The day after we wondered after the moon that shone into the night sky, I read this essay by Anthony Esolen.  He well describes what I lament.  We no longer enjoy the poetry of the world around us nor do we marvel at the elegance of God's rich creation.  Read his words and tell me you do not agree.  Perhaps it is our slavery to technology and the imagined reality of the screens that has kept us from looking around us or expecting more than brutal shapes and rough surfaces in the buildings we construct and in which we live and work.  Anyway, it made me sad to read his words and it made me fear for a world and a people who miss the beauty God has placed around us and forget to stand in awe before His majesty.  Only to think, as good as this is, it is nothing compared to the heavenly glory our Lord has prepared for us.

Friday, January 29, 2021

Another sad closure. . .

As I have written before, the state of smaller church owned colleges and universities has been precarious for some time.  The press of the politically correct to require the appropriate social justice positions with regard to gender, sexuality, and abortion has been relentless.  Around us the landscape has been changing as more and more states provide reduced cost or even free tuition for community colleges and universities.  On top of this, the number of students in church work programs in these schools continues to shrink raising questions about the core mission of these schools and how this evolution of purpose reflects the tremendous risk and financial cost of running these schools.  

Our own church body has seen the closure of six schools since the 1970s.  Concordia Senior College,  St. Paul's College, St. John's College, Concordia Selma, Concordia Portland, and, now, Concordia Bronxville have closed or are closing.  Concordia Ann Arbor did not close but became a satellite campus of Concordia Mequon.  Though the circumstances of eachwas are different, all of them suffered under the weight of increasing costs, difficult competition for students, and financial problems.  All of them received investment from the Synod and loans from Synod entities.  All of them had energetic administrators who tried just about anything and everything to save the schools from closing.  None of them could be justified on the basis of the purpose for which the Synod began those schools -- the training of church workers.  They might not be the last of the schools closed.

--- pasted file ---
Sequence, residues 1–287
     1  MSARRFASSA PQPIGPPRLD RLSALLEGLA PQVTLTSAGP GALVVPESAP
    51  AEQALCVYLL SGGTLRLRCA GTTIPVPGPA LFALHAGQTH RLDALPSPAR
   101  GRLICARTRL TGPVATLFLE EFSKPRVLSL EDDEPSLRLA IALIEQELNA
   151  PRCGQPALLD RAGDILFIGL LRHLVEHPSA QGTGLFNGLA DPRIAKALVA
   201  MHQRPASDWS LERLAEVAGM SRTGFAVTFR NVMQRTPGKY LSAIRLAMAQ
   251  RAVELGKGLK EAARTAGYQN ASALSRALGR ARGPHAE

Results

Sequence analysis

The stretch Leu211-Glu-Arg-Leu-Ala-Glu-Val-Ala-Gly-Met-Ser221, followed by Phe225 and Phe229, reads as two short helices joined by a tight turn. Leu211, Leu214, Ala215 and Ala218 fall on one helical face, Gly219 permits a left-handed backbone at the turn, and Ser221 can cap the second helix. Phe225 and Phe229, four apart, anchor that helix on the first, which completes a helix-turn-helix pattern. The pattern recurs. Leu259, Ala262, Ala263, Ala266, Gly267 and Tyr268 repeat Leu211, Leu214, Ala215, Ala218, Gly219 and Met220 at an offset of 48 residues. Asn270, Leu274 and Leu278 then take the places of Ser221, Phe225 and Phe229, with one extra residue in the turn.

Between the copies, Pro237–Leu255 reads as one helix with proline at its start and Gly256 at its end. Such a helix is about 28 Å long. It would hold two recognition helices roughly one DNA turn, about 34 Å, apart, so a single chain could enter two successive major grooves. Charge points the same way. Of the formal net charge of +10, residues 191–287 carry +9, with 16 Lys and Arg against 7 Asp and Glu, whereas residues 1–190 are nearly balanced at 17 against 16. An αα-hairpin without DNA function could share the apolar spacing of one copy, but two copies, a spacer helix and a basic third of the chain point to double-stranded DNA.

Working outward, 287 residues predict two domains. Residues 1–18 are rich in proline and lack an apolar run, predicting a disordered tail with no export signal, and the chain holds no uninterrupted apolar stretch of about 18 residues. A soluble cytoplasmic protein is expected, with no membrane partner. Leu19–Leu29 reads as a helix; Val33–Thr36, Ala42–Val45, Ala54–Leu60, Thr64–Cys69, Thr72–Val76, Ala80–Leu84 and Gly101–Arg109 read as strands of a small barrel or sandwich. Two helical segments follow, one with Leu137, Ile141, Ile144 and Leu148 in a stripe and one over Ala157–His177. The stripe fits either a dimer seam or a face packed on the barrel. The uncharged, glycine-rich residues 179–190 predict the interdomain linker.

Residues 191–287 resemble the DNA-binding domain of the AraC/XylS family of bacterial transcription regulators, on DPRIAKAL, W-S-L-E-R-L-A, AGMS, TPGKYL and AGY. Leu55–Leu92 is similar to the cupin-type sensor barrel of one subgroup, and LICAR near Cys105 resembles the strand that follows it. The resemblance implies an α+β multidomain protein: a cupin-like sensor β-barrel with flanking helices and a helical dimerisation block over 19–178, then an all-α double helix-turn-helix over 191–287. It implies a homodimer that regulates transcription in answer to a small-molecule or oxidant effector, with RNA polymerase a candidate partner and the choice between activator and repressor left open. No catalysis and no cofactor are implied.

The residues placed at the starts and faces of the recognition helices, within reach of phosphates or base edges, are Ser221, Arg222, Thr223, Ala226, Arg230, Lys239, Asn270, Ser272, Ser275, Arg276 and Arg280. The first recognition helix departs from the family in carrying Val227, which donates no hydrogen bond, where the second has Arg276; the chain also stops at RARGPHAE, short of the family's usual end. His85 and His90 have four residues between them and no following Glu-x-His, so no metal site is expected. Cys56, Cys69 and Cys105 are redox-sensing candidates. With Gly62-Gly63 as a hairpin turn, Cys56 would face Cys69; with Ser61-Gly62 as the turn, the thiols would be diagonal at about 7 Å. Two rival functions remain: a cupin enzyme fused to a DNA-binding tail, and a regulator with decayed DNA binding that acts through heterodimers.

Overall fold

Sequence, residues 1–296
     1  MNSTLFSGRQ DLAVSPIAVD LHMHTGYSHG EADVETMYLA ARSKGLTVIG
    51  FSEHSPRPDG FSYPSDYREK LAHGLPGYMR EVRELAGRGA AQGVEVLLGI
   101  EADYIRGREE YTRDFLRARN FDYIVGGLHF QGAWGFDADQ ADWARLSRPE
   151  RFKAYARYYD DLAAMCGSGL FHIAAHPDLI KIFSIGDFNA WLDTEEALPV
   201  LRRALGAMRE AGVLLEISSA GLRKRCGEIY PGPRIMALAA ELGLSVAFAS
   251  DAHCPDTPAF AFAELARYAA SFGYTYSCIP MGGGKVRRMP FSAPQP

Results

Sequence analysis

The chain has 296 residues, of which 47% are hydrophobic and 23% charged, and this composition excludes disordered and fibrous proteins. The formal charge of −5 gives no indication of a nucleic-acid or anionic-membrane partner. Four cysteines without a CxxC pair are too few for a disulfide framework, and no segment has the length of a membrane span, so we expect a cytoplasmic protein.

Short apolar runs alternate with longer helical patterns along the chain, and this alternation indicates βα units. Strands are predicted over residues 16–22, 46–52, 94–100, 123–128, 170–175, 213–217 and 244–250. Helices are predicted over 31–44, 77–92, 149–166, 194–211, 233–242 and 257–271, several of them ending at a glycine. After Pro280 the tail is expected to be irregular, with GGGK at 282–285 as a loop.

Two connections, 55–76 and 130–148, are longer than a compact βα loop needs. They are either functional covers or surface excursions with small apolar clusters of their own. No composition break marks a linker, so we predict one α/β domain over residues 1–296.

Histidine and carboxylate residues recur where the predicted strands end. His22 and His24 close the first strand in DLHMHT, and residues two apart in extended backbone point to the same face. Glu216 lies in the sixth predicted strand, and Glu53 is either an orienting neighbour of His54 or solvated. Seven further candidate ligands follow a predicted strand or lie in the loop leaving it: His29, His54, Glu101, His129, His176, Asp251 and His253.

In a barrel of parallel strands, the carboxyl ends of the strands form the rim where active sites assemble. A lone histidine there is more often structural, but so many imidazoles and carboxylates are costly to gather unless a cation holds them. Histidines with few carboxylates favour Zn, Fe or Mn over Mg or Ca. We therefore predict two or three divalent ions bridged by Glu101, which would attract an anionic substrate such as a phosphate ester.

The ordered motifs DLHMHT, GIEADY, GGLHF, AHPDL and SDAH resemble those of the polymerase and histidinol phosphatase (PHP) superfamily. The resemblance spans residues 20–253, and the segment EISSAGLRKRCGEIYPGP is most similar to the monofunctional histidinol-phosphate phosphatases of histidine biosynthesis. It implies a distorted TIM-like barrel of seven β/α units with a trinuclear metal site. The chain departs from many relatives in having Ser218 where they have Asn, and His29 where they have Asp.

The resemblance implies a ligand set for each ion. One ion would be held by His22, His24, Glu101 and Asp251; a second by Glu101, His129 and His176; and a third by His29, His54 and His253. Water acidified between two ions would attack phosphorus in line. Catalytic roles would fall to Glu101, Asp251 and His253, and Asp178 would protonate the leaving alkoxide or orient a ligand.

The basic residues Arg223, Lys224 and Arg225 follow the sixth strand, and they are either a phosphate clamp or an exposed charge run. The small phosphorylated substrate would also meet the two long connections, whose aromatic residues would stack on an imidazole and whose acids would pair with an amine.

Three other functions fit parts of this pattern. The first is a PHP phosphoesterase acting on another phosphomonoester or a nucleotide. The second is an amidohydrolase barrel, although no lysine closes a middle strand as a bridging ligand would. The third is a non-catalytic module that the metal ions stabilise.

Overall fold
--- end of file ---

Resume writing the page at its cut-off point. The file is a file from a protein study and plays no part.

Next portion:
I spent more than 13 years in the Atlantic District and countless hours on the campus of Concordia Bronxville.  I attended meetings, district conventions, convocations, musical events, ate in the dining hall, studied in the library, and so many other things over those years there -- all held on the campus of Concordia.  The district office moved there while I was in the district -- occupying a portion of a college building and sharing conference space.  I knew faculty and administration over those years and since.  They did their best for the sake of the college and for the sake of the Synod over the years.  It was not for lack of trying that Bronxville ended up deciding to close at the end of this school year.  I particularly believe that John Nunes was perhaps their last and best hope of preventing this end to a history that is larger than life.  Many of the players in Missouri's history matriculated from Bronxville -- people on both sides of the theological spectrum!  But those days have come and gone.  Those there during my years in the district whom I knew best included Dean Green, Edgar Aufdemberge, Ralph, Dorothy and Timothy Schultz, Gerry Coleman, Tom Sluberski, Dick Heschke, among others. . . (not including a couple of Senior College profs who ended up at Bronxville).

Indeed, that is the problem.  The whole system of Synod colleges was designed primarily for one purpose -- to train up church workers for the Synod.  Most were two year schools and it was not until the early 1980s that they became four year schools or were closed.  Things were already changing then though no one could have foreseen how few Lutherans would be on our campuses, much less the dearth of church work students preparing for church vocations.  The transitions were hopeful but barely a generation out it was apparent that not all schools were flourishing and some might not make it.  For some, risky decisions were undertaken that, if successful, would have been lauded but when they were not, those who made them were seen to be short-sighted or downright foolish.  I wish that it were not the case but the reality is that we are seeing the end of a system of colleges we proudly called our own.

Thursday, January 28, 2021

How very medieval. . .

Some have noticed that at times Luther and others of the Reformation era sound rather medieval.  In particular, the focus on Scripture is very medieval.  I have read that the way Luther approached God's Word, and his captivity to that Word, are very medieval.  His unwillingness to go beyond the fact that Christ's flesh and blood is present in the bread and wine and the design of his liturgical edits are also sometimes seen as a bow to medieval influence.  I am sure that many may disagree but I wonder if there is not something to this.